Lisa Herzog is a DPhil candidate in Political Theory at New College and “wissenschaftliche Mitarbeiterin” at the Peter Löscher Chair for Business Ethics at the Technical University of Munich. Her thesis discusses the constructions of “the market” in Adam Smith and GWF Hegel and the meaning of these constructions for contemporary political theory.
 Adam Smith, An Inquiry into the Nature and Causes of the Wealth of Nations(Oxford: Clarendon Press, 1976), 761.
 Adam Smith, Lectures on Rhetoric and Belles Lettres, The Glasgow edition of the works and correspondence of Adam Smith (Oxford: Clarendon Press, 1983), 26.
 Adam Smith, The Theory of Moral Sentiments (Oxford: Clarendon Press, 1976), 10.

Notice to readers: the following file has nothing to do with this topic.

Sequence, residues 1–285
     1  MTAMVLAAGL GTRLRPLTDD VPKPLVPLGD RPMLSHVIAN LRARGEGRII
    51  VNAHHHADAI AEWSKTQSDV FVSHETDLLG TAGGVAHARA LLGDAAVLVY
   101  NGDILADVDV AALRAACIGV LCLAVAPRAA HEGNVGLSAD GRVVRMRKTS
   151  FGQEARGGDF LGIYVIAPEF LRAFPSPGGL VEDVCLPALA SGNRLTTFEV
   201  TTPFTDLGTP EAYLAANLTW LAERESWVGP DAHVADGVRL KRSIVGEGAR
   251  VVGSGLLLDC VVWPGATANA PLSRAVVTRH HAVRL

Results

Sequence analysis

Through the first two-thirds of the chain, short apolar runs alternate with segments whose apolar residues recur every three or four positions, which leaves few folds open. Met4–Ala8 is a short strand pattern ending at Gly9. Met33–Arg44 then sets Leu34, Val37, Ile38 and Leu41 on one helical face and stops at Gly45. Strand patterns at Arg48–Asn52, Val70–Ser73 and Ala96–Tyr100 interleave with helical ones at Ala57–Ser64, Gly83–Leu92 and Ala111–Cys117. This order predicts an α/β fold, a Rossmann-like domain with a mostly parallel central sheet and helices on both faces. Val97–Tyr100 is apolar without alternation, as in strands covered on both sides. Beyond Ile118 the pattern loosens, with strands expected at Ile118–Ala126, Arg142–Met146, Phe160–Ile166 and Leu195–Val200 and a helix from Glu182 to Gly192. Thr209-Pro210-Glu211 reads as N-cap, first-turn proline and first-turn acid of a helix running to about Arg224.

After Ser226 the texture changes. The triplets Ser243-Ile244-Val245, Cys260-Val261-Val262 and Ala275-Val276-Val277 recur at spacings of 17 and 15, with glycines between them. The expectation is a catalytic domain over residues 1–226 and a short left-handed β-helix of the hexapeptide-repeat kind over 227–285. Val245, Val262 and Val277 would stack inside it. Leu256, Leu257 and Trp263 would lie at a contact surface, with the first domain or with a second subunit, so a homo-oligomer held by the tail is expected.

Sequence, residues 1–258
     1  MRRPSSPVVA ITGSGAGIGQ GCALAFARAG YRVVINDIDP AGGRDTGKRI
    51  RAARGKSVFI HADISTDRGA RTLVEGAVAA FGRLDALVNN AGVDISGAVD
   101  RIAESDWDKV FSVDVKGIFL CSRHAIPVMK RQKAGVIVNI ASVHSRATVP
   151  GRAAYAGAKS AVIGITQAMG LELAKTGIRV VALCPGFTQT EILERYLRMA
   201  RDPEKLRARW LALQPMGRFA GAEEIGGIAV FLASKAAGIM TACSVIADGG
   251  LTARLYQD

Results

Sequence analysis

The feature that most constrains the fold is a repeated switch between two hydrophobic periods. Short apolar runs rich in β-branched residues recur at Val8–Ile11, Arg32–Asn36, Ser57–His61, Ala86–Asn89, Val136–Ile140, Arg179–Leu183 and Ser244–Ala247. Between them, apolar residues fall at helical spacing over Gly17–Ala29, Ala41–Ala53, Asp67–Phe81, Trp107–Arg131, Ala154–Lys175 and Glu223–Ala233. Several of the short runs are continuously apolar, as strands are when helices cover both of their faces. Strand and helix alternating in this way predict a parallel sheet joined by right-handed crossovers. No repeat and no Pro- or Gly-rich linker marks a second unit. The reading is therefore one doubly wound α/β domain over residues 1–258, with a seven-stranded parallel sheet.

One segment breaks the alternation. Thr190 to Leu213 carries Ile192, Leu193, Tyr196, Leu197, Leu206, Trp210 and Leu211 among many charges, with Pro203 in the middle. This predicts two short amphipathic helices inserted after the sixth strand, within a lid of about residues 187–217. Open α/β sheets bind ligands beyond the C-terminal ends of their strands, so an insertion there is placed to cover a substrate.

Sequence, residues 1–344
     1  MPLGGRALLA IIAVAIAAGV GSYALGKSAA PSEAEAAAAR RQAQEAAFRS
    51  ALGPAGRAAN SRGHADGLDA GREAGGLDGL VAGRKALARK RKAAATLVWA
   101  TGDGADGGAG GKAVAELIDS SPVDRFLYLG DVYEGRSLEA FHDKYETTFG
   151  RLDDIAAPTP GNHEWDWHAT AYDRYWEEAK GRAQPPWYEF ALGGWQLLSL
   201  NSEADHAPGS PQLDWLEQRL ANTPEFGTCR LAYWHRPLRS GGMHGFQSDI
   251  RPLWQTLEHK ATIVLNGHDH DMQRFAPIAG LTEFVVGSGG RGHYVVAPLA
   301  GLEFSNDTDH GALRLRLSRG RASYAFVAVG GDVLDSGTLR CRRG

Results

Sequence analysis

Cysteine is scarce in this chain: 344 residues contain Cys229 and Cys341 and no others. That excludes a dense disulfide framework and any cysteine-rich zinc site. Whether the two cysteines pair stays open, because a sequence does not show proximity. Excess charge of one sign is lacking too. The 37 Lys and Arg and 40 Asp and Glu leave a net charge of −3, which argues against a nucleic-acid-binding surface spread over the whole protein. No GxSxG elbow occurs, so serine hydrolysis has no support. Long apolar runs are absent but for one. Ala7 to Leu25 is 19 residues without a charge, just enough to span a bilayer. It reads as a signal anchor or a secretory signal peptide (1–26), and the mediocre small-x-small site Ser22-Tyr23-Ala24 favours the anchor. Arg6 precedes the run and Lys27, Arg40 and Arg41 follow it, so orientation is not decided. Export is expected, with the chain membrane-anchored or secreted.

Adam Smith, The Correspondence of Adam Smith (Oxford: Clarendon Press, 1977), 35.
 The Theory of Moral Sentiments, 3.
 Wealth of Nations, 428.
 Wealth of Nations, 27.
 Wealth of Nations, 870.
 Daron Acemoglu, “Thoughts on Inequality and the Financial Crisis” (presented at the American Economic Association Annual Meeting, Denver, CO, January 7, 2011), http://econ-www.mit.edu/files/6348.